Ovarian cancer is scary enough without having to worry about whether you will ever be able to have kids in the future. But it’s a real concern for many women.

Happy endings are possible, though — as in the case of Jennifer Callaway, according to a recent report from WLS in Chicago. The ABC-owned station says the woman had her right ovary removed and went through chemotherapy after being diagnosed with ovarian cancer several years ago, before she met husband Brett. Although “in my heart of hearts, I was sort of convinced that this was not gonna happen,” Jennifer Callaway told the station, in reference to conceiving children, the woman gave birth to a girl last week who she called “a miracle.”

“During Jennifer's C-section, doctors were able to examine her remaining ovary and uterus to make sure they still looked healthy and cancer free, and she was given a clean bill of health,” WLS said.

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All surgical procedures come with risks, but having one ovary removed does not necessarily mean a woman will not be able to bear children. The possibility of getting pregnant with only one ovary is a popular topic on discussion boards. In one blog post for Women’s Health Foundation, a woman shares that after having her right ovary removed due to a ruptured cyst she still menstruated normally, and “my two daughters are evidence that ol’ lefty (as I fondly call my remaining ovary) picked up the slack.”

It’s possible that, with one ovary removed and thus a woman’s supply of eggs diminished, the window in which she can conceive children will be shorter, but the fertility is still there. The Mayo Clinic says it is still possible to conceive naturally when there’s only one ovary. A problem may arise when both ovaries are taken out, but even for those women there is hope: “If both of your ovaries are removed (bilateral oophorectomy), but your uterus remains, you may be able to become pregnant using assisted reproductive technology.”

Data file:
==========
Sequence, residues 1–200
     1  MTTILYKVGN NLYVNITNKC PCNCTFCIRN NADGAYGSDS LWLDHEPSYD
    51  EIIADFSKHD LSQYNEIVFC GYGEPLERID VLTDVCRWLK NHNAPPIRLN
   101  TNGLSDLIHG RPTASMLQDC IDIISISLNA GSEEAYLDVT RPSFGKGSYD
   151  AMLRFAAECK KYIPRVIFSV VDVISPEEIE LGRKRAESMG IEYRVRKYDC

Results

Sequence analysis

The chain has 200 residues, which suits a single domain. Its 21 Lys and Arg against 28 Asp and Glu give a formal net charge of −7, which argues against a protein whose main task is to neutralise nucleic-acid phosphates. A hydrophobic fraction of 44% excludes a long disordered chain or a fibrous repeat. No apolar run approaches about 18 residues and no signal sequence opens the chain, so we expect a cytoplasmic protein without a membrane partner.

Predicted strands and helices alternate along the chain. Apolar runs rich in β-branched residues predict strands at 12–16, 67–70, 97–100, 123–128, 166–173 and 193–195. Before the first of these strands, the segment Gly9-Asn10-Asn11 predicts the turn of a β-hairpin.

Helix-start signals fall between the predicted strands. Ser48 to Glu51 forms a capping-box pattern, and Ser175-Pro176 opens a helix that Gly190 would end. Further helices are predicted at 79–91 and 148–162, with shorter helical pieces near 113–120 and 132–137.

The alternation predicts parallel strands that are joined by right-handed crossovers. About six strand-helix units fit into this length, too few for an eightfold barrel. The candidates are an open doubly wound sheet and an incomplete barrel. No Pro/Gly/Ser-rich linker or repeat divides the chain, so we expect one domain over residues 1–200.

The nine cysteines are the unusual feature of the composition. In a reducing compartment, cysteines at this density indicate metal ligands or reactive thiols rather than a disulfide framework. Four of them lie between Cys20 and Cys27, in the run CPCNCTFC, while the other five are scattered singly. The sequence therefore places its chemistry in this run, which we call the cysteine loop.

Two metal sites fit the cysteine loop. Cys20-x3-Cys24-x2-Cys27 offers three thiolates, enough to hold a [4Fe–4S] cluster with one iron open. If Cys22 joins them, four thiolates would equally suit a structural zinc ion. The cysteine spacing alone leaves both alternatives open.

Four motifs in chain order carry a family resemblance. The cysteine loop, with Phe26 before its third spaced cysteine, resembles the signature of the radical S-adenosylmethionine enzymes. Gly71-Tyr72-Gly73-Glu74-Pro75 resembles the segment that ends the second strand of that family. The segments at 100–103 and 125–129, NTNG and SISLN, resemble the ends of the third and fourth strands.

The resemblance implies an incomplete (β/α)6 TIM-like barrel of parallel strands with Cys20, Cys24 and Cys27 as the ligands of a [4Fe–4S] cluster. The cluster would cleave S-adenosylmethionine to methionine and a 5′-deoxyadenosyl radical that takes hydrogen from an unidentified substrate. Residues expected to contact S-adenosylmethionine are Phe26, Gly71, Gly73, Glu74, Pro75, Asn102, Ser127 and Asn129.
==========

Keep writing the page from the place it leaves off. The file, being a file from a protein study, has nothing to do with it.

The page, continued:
When surgical removal of an ovary is not the only treatment for cancer, things can get tricky because certain treatments can make you sterile. “The most severe damage is caused when radiation is applied to the ovaries … and by chemotherapy drugs called alkylating agents,” the Mayo Clinic explains. The degree of damage depends on the type of cancer, how much it has progressed and your age, among other factors. Treatments can “affect eggs, hormone levels, or the functioning of the ovaries, uterus or cervix. The risk of developing premature menopause after certain cancer treatments increases as you age.”

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The ovaries are a pair of reproductive glands that make eggs, and the cancer can be hard to detect in them because symptoms such as pain, bloating and menstrual changes are more likely to present themselves if the disease has spread to other parts of the body. It’s the fifth leading cause of cancer deaths for women.

See also:

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